This month Douglas Holwerda, American trained and licensed mental health counsellor, talks about the need to be assertive in the workplace


Dear Douglas,


I have been living in Vietnam for about eight months now, working for an international organisation I won’t name. I am in a mid-level position, not unlike the work I have done for the past 12 years. I am going through an experience I have never had before and would like to get some perspective. I can no longer talk to my husband or teenage children about this. They are tired of hearing it.


I think the problem is my boss. He is so demanding and condescending that I am completely intimidated by him. Last week he was upset over a mistake I made and said, “I wonder if you are just stupid.”


I have been telling myself that the mistakes he points out are right and that I need to do better and work harder to make him happy. But now I am asking myself if he really should treat me, and others, like that. I am wondering if, maybe, I need to do something differently than to try to comply. I am constantly preoccupied with worries about the details of my job. I am sleeping poorly and not much fun for my husband and kids. I could never quit, but can’t imagine living like this for another year of my contract.


— Bruised and Confused


Dear B and C,


I am sorry to hear what you are going through, and yes, it is time to get some perspective about what is happening and what you might do about it.


Because managerial models are often hierarchical, we often believe that we should tolerate behaviour that is hurtful from someone who is above us in the pecking order. His behaviour sounds abusive to me and I will tell you why. When someone attacks you as a person — saying you are stupid — they have crossed an important line. They are undermining your confidence and actually hindering your ability to do the tasks that define your work. The fact you are upset by this, not sleeping and feeling worried, while accepting responsibility to improve yourself, suggests to me that he is not being respectful and supportive. It appears he is caught up in a desire for power and control, at your expense.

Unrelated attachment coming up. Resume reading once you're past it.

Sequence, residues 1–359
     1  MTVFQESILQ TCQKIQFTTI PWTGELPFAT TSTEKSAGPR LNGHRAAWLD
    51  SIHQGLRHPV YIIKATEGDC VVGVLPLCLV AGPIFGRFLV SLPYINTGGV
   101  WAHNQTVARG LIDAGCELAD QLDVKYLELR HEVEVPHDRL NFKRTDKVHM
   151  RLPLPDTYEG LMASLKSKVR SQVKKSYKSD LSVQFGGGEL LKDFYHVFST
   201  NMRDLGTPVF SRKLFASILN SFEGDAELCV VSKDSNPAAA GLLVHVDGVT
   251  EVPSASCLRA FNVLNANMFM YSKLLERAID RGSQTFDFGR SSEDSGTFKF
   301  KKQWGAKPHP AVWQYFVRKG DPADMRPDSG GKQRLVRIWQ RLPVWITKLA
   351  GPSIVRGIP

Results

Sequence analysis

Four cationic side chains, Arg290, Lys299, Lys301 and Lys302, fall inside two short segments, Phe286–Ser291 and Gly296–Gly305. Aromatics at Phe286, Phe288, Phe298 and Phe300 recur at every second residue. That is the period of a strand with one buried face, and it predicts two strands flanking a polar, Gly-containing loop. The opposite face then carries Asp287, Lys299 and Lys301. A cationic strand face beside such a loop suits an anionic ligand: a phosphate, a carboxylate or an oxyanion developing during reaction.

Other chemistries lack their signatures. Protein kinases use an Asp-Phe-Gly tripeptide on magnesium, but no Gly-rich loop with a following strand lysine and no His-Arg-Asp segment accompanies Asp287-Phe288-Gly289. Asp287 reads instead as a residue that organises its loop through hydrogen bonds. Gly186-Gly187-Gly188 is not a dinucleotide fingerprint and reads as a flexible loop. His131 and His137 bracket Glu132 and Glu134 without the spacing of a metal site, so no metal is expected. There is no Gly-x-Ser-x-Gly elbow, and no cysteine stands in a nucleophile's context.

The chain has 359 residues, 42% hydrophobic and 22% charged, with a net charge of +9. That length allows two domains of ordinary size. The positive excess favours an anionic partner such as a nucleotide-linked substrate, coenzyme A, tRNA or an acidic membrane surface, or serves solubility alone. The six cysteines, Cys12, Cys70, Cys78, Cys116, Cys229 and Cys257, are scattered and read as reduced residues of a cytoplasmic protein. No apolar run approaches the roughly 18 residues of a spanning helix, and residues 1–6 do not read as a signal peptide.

Yes, you need to gain perspective that allows you to feel more empowered and to find a way to assert your thoughts and feelings to him about how his behaviour is affecting you.


You, we all have the right to let someone know if their behaviour hurts, irritates or upsets us. Your boss needs some thoughtful, constructive criticism that will help you restore your confidence and to improve your effectiveness at work. A few sessions with a therapist might help you to find a way to communicate your thoughts and to help your boss see that being a ‘bully’ is really counterproductive.


Sometimes we respond to a threat with passivity because we believe to express our feelings means we are weak, or because we feel weak in the face of someone who uses their position and tactics to create fear. We accept personal (destructive) criticism because the other person was ‘right’ and therefore we have to accept what they are saying about us. Passivity very often leads to the lowering of self-esteem and confidence, and can therefore diminish the strength we need to stand up for ourselves.


I encourage you to read up on the topic of assertiveness, to help yourself find a way to stop the dynamic that is doing you harm in the workplace. You do not deserve the treatment you are getting.


Be well,


— Douglas


Do you have a question you would like Douglas’s help with? You can email him at This email address is being protected from spambots. You need JavaScript enabled to view it.. Personal details will not be printed

Douglas Holwerda

Douglas is an American trained psychotherapist, writer of the Dear Abby-esque monthly column in the Word, "Dear Douglas". He holds to the notion that the living of life is a creative endeavour... an eternal adventure without promises. And that we are both shaped by the journey and the shapers of what is possible. Our greatest hope is to find love and connection along the way. Live it all.

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